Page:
Effects of alcohol on the brain

April is Alcohol Awareness Month, a time each year reserved to raise awareness and understanding of alcohol abuse. Part of understanding alcohol abuse is forming an understanding of the effects alcohol has on the brain while a person is consuming it.

The National Institute on Alcohol Abuse and Alcoholism (NIH) states that alcohol interferes with the brain’s communication pathways and can affect the way the brain looks and works. Alcohol makes it harder for the brain areas controlling balance, memory, speech, and judgment to function, resulting in a higher likelihood of injuries and other negative outcomes. Long-term heavy drinking causes alterations in the neurons, such as reductions in their size.

Many people who have drunk to intoxication have experienced what is called a black-out. NIH explains blackouts as gaps in a person’s memory of events that occurred while they were intoxicated. These gaps happen when a person drinks enough alcohol that it temporarily blocks the transfer of memories from short-term to long-term storage–known as memory consolidation–in a brain area called the hippocampus.

Northwestern Medicine’s website discusses seven stages of intoxication:

• Subliminal intoxication. A blood alcohol content (BAC) between 0.01 and 0.05, is the first stage of intoxication.

“You may not look like you have been drinking, but your reaction time, behavior and judgment may be slightly altered,” the website states. “Depending on weight, most people enter this stage after one drink.

• Euphoria. During the early stages of drinking, your brain releases more dopamine. This chemical is linked with pleasure. During euphoria, you may feel relaxed and confident. But, your reasoning and memory may be slightly impaired. Often referred to as “tipsy,” this stage occurs when your BAC is between 0.03 and 0.12.

•Excitement. At this stage, with a BAC from 0.08 to 0.25, a person is legally intoxicated. This level of intoxication affects the occipital lobe, temporal lobe and frontal lobe in the brain. Drinking too much can cause side effects specific to each lobe’s role, including blurred vision, slurred speech and hearing, and lack of control, respectively. The parietal lobe, which processes sensory information, is also affected. The person may have a loss of fine motor skills and a slower reaction time. This stage is often marked by mood swings, impaired judgment, and even nausea or vomiting.

• Confusion. A BAC of 0.18 to 0.3 often looks like disorientation. the brain’s cerebellum, which helps with coordination, is impacted. As a result, a person may need help walking or standing. Blackouts, or the temporary loss of consciousness or short-term memory, are also likely to occur at this stage. This is a result of the hippocampus, the region of the brain that is responsible for making new memories, not functioning properly. The person may also have a higher pain threshold, which may increase the risk for injury.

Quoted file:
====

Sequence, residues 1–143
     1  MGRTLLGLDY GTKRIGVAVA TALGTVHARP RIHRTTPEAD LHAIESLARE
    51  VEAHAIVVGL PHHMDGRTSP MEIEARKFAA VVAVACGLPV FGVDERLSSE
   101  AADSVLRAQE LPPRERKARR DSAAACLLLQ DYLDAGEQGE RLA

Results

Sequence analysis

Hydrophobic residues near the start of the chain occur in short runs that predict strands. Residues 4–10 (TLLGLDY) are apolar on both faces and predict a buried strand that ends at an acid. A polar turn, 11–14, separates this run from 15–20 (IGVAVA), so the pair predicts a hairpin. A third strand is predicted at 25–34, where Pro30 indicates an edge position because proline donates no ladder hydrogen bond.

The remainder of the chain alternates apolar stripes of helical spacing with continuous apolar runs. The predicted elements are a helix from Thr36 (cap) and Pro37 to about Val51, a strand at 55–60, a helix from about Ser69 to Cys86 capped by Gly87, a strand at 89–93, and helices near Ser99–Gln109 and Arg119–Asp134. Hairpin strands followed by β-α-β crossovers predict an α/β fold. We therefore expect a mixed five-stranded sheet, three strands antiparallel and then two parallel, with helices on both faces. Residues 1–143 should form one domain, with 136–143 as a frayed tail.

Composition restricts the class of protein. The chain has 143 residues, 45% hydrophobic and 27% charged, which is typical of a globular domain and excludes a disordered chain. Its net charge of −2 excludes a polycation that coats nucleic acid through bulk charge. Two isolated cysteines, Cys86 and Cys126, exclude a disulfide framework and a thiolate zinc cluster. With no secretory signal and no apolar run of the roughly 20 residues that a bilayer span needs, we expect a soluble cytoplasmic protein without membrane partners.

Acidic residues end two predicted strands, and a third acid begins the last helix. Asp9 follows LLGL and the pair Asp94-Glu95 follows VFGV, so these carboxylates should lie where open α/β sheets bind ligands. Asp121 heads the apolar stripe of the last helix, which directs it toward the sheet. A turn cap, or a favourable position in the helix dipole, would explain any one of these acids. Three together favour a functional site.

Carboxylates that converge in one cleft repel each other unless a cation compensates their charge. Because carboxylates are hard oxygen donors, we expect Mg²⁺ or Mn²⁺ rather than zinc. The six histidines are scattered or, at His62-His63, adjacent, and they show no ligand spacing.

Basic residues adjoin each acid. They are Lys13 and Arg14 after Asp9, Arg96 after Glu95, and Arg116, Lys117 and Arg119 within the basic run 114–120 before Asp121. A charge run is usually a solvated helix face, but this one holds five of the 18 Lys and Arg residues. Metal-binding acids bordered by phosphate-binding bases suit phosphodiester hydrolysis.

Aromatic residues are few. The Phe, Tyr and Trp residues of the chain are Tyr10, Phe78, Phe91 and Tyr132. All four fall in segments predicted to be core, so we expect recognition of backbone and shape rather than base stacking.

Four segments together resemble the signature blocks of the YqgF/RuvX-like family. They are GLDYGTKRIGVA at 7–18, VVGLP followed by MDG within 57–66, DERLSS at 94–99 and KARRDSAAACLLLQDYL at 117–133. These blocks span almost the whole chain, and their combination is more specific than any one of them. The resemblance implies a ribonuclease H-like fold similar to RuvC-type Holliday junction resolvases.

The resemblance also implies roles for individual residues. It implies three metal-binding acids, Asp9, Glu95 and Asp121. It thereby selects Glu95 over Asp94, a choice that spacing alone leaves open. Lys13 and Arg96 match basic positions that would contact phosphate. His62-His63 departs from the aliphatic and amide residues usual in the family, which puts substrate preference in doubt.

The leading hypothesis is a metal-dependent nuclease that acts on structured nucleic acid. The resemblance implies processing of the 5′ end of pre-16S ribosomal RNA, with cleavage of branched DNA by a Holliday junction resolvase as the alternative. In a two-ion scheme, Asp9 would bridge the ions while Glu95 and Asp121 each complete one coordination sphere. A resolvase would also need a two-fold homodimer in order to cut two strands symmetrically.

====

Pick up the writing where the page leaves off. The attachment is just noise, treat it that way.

• Stupor.At a BAC of 0.25, the person may have concerning signs of alcohol poisoning. At this time, all mental, physical and sensory functions are severely impaired. The risk for passing out, suffocation and injury is high.

•Coma. At a BAC of 0.35, a person is at risk for going into a coma. This occurs due to compromised respiration and circulation, motor responses and reflexes. A person in this stage is at risk of death.

•Death. A BAC over 0.45 may cause death due to alcohol poisoning or failure of the brain to control the body’s vital functions.

Long-term use of alcohol can lead to what is commonly termed alcoholism. The Mayo Clinic defines alcoholism as the he inability to control drinking due to both a physical and emotional dependence on alcohol.

Symptoms include a strong need or urge to use alcohol. Those with alcohol use disorder may have problems controlling their drinking, continue to use alcohol even when it causes problems, or have withdrawal symptoms when they rapidly decrease or stop drinking.

More than 3 million new cases of alcohol use disorder occur each year. There is help, though.

The Substance Abuse and Mental Health Services Administration (SAMHSA) AMHSA’s National Helpline is a free, confidential, 24/7, 365-day-a-year treatment referral and information service (in English and Spanish) for individuals and families facing mental and/or substance use disorders. The number is 1-800-662-HELP (4375).

For more information, visit the SAMHSA site at https://www.samhsa.gov/find-help/national-helpline.


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